9. ^ a b c d e f g JOHN SWANSBURG (April 29, 2001). "At Yale, Lessons in Writing and in Life". The New York Times. Retrieved 2010-10-15. "Karl Kirchwey, who graduated from Yale in 1979, recently became the director of creative writing at Bryn Mawr College, after having run the Unterberg Poetry Center at the 92nd Street Y for over a decade. He remembers his first two years at Yale as unfocused and unproductive." 
  10. ^ http://www.aarome.org/#rt=news&rid=162
  11. ^ a b c d Sarah Spence (editor) (2001). "Poets and Critics Read Vergil". Yale University. ISBN 0-300-08376-9. Retrieved 2010-10-15. "see pages 184-185" 
  12. ^ a b c d e f g h i j k Karen Heller (May 1, 2003). "Bryn Mawr shows creative side as it makes way for arts". Chicago Tribune. Retrieved 2010-10-15. "And that's fine by Karl Kirchwey. "My job is to put Bryn Mawr on the map for literature, and as a place to study creative writing," says the long, lanky, passionate poet in command of an astonishing Rolodex. The author of four books of poetry, many inspired by classical literature, and a graduate of Yale and Columbia, Kirchwey has been awarded Guggenheim, National Endowment for the Arts and Ingram Merrill fellowships, as well as the vaunted Rome Prize in Literature. In the three years since the 47-year-old poet left the famed Unterberg Poetry Center at New York's 92nd Street Y, Kirchwey has quietly, but quickly, increased attention to the written word on the sylvan, suburban campus."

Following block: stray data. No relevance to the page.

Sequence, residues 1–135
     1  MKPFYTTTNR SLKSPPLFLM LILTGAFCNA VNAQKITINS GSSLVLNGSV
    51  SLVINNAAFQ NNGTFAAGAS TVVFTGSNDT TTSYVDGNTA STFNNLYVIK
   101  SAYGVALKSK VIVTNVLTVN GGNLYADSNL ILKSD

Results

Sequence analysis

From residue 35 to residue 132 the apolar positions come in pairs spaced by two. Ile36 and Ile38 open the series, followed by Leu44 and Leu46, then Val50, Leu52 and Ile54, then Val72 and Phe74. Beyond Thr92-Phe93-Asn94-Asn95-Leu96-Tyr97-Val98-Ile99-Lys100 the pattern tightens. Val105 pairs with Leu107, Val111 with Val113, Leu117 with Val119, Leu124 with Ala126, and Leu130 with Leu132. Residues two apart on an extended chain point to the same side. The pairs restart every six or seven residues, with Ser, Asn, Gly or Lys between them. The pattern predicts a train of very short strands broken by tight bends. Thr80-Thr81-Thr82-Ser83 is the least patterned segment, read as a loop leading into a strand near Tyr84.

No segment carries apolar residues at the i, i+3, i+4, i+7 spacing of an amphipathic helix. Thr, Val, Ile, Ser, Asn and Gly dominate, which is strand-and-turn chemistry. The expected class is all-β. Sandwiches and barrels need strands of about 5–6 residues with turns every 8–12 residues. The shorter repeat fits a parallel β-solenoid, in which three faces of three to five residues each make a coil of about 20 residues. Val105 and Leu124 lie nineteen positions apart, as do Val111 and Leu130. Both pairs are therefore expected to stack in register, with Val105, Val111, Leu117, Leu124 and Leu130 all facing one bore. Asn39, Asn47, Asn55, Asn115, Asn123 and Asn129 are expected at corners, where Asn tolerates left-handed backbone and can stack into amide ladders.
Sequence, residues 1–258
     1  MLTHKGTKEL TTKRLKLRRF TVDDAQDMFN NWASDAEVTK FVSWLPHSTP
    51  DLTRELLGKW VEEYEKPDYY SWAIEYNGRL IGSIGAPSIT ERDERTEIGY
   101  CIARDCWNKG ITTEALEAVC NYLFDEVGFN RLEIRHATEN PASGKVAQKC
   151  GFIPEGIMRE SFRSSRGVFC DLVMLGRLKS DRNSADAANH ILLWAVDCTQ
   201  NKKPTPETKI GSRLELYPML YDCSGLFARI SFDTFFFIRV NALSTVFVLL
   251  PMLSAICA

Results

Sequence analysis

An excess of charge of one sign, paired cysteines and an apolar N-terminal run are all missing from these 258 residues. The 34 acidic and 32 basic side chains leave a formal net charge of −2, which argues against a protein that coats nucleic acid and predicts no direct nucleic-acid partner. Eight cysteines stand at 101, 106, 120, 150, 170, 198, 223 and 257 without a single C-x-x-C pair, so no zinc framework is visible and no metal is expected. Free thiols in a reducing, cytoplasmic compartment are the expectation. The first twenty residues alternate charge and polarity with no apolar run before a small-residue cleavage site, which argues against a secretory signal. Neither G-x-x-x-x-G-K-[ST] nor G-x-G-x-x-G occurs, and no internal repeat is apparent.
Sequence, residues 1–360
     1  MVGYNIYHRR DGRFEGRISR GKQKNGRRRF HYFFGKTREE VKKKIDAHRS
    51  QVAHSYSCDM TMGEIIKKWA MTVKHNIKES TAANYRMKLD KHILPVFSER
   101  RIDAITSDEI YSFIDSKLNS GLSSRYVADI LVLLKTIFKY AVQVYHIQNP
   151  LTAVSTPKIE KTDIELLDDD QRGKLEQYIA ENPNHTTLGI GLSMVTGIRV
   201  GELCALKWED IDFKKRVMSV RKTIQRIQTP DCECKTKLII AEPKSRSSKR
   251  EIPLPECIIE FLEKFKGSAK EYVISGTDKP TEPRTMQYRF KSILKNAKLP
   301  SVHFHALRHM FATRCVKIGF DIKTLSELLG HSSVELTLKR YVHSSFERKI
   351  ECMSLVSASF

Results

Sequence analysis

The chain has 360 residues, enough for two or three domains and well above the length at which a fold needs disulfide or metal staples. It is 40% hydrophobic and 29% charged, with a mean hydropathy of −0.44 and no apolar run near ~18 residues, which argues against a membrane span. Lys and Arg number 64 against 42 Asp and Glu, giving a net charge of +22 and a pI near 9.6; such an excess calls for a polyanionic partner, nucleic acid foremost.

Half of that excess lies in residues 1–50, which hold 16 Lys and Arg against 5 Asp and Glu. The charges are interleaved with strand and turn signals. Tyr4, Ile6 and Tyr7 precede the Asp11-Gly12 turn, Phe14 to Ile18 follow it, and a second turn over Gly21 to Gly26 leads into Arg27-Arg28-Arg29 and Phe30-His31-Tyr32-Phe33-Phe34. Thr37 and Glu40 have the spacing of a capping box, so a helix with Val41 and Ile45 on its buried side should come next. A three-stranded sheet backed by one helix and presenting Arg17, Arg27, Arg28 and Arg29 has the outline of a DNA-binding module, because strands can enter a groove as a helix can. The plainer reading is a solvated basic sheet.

13. ^ "Mission statement". American Academy in Rome. 2010-10-18. Retrieved 2010-10-18. "The mission of the American Academy in Rome, founded in 1894, is to foster the pursuit of advanced research and independent study in the fine arts and humanities."